Denis Gallant questions tendering for Ste-Catherine Street makeover

Denis Gallant, the man hired by the City of Montreal to fight corruption by keeping tabs on city works contracts, says the tendering process for St-Catherine Street renovations unnecessarily restricted the bidder pool.

'Everything is terrible from A to Z' on major public works contract, Gallant says

Denis Gallant, Montreal's first Inspector-General, says he doesn't like how a contract was awarded in the Ste-Catherine Street renewal project. (Radio-Canada)

Denis Gallant, the man hired by the City of Montreal to fight corruption by keeping tabs on city works contracts, is sounding the alarm after the tendering process for the Ste-Catherine Street renewal project restricted the bidder pool to only a few firms.

Acertys was the uncontested winner of a $267,000 contract to carry out consultations on Ste-Catherine Street West.

Acertys was awarded the contract in March, but it wasn’t until Inspector-General Denis Gallant tabled his 25-page report on Monday that the uncontested nature of the tendering process was forced into the spotlight.

"It was not fair at all. All the rules of equity were not followed by the department at the city," Gallant told CBC's Daybreak on Tuesday.

Renewal part of 375th anniversary project

Part of the conditions laid out in the initial call for tenders was that bidding companies needed to have at least 20 years of experience with these types of public projects and needed to have completed at least two previous consulting contracts that exceeded $100,000.

"Everything was so restrictive that most of the bidders who would have been able to bid, because of the restrictive rules, did not bid," Gallant said.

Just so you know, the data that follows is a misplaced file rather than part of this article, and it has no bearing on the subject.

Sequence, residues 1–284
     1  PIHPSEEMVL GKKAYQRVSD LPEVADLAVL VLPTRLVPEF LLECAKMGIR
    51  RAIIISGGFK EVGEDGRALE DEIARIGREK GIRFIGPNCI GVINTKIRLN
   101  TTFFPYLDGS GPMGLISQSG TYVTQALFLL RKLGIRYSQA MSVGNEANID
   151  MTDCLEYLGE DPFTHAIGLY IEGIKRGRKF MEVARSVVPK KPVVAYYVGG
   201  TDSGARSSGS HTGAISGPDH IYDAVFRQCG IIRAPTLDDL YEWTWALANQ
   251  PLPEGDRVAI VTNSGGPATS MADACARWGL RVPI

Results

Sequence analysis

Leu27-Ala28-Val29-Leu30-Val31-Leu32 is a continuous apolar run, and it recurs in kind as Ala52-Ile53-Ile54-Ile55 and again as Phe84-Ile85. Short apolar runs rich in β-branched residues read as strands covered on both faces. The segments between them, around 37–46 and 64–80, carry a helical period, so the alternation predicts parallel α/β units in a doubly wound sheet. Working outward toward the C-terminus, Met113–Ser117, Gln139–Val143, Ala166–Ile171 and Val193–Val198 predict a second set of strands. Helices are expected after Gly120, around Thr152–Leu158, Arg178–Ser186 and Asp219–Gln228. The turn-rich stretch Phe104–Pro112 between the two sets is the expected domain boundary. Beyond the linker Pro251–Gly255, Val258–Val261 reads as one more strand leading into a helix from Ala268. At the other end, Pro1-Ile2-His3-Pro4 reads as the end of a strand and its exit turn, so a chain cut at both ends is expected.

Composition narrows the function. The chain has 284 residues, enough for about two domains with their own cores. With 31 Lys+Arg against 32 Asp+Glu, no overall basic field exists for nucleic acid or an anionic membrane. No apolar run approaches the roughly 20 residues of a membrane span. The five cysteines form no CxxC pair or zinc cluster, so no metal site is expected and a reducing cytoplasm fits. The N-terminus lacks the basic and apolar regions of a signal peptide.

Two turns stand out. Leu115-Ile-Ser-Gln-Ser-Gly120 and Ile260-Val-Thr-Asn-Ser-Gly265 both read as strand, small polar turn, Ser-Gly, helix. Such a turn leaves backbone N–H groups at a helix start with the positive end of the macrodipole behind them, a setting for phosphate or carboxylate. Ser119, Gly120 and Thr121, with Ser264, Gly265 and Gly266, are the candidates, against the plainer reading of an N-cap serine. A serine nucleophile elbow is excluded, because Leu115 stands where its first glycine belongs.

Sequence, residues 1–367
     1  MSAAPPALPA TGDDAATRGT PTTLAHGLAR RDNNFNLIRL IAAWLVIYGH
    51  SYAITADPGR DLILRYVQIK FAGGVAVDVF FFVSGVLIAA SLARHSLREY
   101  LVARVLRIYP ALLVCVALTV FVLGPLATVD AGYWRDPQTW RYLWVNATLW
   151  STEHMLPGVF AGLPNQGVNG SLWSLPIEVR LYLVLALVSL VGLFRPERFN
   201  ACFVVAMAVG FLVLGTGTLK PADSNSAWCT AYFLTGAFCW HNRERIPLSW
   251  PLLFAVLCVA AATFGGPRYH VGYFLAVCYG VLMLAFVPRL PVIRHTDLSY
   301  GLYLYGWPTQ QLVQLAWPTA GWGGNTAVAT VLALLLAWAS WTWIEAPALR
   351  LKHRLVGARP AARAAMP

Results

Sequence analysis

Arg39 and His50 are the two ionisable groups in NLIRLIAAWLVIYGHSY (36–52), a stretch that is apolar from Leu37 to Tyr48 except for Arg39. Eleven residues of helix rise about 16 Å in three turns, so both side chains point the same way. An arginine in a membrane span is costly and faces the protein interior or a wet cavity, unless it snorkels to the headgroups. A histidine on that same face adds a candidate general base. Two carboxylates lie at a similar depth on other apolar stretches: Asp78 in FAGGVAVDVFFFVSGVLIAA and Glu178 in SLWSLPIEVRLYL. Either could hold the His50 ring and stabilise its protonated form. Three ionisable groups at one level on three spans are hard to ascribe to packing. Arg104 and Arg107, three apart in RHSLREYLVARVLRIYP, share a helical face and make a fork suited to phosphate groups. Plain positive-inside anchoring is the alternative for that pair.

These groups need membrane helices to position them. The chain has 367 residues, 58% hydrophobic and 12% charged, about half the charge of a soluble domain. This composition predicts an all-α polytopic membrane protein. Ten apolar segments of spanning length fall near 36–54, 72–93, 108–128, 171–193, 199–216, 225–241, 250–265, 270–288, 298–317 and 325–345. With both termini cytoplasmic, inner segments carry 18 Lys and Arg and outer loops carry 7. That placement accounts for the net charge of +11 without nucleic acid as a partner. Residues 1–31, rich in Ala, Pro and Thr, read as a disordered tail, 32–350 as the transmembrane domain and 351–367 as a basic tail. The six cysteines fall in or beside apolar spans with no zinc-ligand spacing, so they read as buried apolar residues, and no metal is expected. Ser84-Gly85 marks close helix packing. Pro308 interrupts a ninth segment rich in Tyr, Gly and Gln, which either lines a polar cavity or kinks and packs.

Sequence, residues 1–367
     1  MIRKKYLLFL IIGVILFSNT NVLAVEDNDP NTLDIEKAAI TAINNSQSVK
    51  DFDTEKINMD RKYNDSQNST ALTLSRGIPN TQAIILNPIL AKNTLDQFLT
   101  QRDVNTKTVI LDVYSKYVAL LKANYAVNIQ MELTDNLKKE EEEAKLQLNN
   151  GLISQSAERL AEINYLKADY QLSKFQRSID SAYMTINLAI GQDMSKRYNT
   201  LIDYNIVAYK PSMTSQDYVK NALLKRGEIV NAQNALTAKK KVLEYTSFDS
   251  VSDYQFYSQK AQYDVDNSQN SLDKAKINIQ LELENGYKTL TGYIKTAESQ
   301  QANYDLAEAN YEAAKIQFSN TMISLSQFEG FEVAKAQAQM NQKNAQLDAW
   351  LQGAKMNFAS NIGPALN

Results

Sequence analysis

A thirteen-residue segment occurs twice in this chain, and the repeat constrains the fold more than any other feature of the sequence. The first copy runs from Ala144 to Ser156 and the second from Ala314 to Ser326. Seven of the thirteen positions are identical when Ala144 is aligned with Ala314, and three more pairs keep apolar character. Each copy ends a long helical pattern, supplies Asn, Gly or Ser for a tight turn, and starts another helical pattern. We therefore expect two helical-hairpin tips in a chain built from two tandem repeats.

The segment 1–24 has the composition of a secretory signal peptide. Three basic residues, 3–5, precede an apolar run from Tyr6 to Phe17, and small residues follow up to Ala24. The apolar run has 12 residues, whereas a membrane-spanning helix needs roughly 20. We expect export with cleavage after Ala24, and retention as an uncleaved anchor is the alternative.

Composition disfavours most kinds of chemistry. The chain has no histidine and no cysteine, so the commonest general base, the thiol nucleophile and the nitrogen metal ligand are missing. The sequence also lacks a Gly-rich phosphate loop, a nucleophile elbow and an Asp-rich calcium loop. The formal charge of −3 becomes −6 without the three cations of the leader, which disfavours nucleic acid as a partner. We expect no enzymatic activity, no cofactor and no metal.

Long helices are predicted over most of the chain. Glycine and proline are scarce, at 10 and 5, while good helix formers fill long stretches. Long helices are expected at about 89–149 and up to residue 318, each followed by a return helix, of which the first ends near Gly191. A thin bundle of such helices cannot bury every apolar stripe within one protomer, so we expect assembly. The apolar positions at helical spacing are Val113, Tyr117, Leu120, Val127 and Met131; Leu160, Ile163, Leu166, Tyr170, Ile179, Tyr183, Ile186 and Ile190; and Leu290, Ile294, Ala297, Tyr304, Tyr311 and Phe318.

"Everything [in that contract] is terrible from A to Z."

Gallant said the city should have required 15 years of experience "at the most."

He said that if he had the power to cancel contracts, he would do so in this case.

The Ste-Catherine Street renewal project is part of Mayor Denis Coderre’s plans for Montreal’s 375th anniversary celebration.


To encourage thoughtful and respectful conversations, first and last names will appear with each submission to CBC/Radio-Canada's online communities (except in children and youth-oriented communities). Pseudonyms will no longer be permitted.

By submitting a comment, you accept that CBC has the right to reproduce and publish that comment in whole or in part, in any manner CBC chooses. Please note that CBC does not endorse the opinions expressed in comments. Comments on this story are moderated according to our Submission Guidelines. Comments are welcome while open. We reserve the right to close comments at any time.

Become a CBC Member

Join the conversation  Create account

Already have an account?